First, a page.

As the Blizzard of 2013 bore down with full fury on New England, my world in Colombia was rocked as well. Just as I was stepping from the shower I suddenly felt a very strange vertigo and my feet became unsteady. Within moments I realized it wasn’t something physiological but rather seismological — an earthquake was underway! I quickly grabbed my clothes and headed for the stairs as hanging lamps swayed above me and books fell from shelves in the lobby.
It was over in 40 seconds. Everyone in the hotel was atwitter, the receptionist was on the phone calling family, she said this was highly unusual. I headed out to the colonial streets of Popayán and found people standing around, wide-eyed and waiting. We didn’t feel any significant aftershocks. Soon people got back to business and the city returned to normal.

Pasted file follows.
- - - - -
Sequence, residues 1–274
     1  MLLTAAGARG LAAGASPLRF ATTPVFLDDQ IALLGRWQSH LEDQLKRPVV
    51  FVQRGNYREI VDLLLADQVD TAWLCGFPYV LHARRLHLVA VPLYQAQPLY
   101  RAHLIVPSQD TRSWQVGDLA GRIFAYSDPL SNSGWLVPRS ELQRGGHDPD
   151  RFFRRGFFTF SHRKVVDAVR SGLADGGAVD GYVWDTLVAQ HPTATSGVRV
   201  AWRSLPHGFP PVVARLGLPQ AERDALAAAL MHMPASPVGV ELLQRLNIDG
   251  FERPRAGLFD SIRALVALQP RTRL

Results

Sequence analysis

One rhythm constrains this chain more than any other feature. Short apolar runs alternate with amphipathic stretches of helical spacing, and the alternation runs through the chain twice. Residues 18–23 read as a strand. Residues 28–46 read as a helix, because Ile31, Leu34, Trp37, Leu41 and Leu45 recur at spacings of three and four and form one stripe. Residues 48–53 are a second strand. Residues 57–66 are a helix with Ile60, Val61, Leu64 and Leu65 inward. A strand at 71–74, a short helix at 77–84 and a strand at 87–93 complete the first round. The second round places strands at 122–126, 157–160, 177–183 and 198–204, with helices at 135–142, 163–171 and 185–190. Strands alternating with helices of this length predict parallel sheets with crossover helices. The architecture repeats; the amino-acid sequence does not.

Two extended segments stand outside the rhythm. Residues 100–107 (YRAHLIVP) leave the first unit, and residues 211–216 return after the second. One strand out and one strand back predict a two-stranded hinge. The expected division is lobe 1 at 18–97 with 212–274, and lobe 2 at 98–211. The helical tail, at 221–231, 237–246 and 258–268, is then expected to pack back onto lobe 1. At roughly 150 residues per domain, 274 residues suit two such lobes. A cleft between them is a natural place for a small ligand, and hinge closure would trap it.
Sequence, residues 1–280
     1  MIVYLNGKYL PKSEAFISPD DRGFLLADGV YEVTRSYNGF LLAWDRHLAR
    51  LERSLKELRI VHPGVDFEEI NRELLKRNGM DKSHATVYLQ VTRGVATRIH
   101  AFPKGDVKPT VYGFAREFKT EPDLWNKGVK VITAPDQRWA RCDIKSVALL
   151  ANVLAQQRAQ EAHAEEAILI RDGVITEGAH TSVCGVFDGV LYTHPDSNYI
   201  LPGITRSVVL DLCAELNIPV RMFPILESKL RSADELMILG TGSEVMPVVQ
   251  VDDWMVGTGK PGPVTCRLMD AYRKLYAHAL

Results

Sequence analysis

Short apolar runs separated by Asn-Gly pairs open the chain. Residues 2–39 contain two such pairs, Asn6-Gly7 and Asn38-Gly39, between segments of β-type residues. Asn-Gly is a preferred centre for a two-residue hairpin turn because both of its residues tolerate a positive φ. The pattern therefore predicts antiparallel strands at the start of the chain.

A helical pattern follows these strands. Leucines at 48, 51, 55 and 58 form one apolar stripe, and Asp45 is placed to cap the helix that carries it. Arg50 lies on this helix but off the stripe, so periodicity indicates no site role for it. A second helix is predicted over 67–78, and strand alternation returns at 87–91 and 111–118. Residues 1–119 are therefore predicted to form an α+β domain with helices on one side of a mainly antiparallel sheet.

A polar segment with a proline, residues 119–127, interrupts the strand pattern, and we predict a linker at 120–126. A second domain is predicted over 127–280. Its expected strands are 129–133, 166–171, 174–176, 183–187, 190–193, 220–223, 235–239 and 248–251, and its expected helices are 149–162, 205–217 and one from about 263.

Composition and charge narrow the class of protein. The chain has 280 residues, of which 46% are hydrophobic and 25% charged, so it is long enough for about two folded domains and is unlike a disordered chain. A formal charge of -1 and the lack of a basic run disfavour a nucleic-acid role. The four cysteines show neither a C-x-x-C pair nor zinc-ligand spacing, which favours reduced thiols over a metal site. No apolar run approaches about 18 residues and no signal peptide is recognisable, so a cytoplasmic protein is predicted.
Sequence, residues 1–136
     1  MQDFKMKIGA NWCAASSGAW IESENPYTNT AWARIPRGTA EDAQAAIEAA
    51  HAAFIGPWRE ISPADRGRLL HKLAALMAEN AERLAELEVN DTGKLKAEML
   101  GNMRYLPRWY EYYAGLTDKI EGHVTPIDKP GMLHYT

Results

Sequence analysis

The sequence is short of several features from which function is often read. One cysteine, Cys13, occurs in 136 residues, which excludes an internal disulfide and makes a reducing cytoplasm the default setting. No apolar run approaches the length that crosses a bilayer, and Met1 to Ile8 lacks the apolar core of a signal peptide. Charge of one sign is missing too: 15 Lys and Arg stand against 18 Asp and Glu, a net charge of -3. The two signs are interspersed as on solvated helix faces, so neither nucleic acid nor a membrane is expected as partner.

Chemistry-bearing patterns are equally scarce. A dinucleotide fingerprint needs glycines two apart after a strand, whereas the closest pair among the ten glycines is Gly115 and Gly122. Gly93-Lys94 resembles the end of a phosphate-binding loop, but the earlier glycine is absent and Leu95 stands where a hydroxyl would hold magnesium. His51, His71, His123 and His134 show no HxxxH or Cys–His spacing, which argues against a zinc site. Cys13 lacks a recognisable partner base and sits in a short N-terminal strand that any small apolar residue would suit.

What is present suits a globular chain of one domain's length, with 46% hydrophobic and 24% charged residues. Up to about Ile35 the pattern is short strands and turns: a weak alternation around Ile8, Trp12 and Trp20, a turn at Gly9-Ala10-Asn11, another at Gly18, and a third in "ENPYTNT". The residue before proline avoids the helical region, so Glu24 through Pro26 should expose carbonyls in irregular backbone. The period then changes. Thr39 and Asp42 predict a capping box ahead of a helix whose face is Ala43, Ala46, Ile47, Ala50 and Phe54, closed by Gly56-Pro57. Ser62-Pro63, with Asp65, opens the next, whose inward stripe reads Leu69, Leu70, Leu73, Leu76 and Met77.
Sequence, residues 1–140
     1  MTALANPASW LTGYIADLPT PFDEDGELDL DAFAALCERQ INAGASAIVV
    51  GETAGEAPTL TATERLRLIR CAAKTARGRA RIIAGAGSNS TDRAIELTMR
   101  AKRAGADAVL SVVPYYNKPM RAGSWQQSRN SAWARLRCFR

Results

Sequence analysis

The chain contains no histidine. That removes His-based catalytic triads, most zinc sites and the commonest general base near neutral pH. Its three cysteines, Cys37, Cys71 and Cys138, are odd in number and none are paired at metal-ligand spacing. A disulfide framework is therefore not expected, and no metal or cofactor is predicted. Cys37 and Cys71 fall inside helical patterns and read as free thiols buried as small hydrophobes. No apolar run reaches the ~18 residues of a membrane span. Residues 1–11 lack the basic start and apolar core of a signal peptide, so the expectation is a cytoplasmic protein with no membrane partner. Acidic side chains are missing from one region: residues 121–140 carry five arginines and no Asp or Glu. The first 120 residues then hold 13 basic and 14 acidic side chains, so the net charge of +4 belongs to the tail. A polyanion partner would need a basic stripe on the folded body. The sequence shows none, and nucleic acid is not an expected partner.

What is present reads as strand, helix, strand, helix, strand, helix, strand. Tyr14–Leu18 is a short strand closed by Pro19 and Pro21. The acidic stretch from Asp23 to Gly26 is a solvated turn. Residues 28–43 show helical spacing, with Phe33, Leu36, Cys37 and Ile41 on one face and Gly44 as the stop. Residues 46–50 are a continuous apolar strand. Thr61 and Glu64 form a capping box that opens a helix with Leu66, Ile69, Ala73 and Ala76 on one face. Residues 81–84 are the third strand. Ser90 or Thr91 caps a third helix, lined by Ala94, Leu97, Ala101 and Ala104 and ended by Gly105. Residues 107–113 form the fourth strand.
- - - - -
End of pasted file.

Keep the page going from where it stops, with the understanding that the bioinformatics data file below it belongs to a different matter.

I later learned that the temblor was no small incident, registering a whopping magnitude 7.0. The epicenter was just outside the town of Pasto, a pleasant provincial capital city where I spent the night two days prior. Fortunately there were no major injuries or damage but the quake was felt in the capital Bogotá 500 miles to the north and through much of Ecuador to the south.
Apparently this wasn’t my first earthquake as my home in Maine is subject to several small ones each year but are rarely felt. But this one — golly gee! — it literally almost knocked me to my knees. How astonishing to feel the colossal force of rupturing earth as it shakes, rattles and rolls over hundreds of miles.
It was my first real earthquake. I’m just thankful that there isn’t any shoveling as a result — snow or stone!